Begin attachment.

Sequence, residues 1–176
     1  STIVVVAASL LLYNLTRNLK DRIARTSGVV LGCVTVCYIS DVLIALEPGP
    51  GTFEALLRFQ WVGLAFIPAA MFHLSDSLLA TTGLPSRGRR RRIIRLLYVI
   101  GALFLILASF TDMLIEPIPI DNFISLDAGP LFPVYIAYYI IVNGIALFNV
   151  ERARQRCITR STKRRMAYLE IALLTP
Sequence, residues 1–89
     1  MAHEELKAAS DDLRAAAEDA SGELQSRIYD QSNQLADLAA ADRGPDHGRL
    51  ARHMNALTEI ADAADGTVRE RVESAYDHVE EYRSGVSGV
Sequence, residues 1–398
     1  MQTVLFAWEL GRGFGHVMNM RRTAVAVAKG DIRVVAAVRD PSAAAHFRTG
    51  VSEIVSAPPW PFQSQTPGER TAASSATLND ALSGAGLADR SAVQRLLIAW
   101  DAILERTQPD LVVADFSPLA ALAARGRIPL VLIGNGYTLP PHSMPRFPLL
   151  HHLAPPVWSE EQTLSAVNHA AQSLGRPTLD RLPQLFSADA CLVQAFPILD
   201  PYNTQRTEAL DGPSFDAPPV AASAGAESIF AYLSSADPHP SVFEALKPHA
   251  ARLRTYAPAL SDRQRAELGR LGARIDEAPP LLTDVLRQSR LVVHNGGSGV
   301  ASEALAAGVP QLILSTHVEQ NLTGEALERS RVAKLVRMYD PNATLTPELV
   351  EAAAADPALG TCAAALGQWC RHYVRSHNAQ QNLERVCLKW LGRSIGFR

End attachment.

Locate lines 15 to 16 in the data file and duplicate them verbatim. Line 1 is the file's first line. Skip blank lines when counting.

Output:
   251  ARLRTYAPAL SDRQRAELGR LGARIDEAPP LLTDVLRQSR LVVHNGGSGV
   301  ASEALAAGVP QLILSTHVEQ NLTGEALERS RVAKLVRMYD PNATLTPELV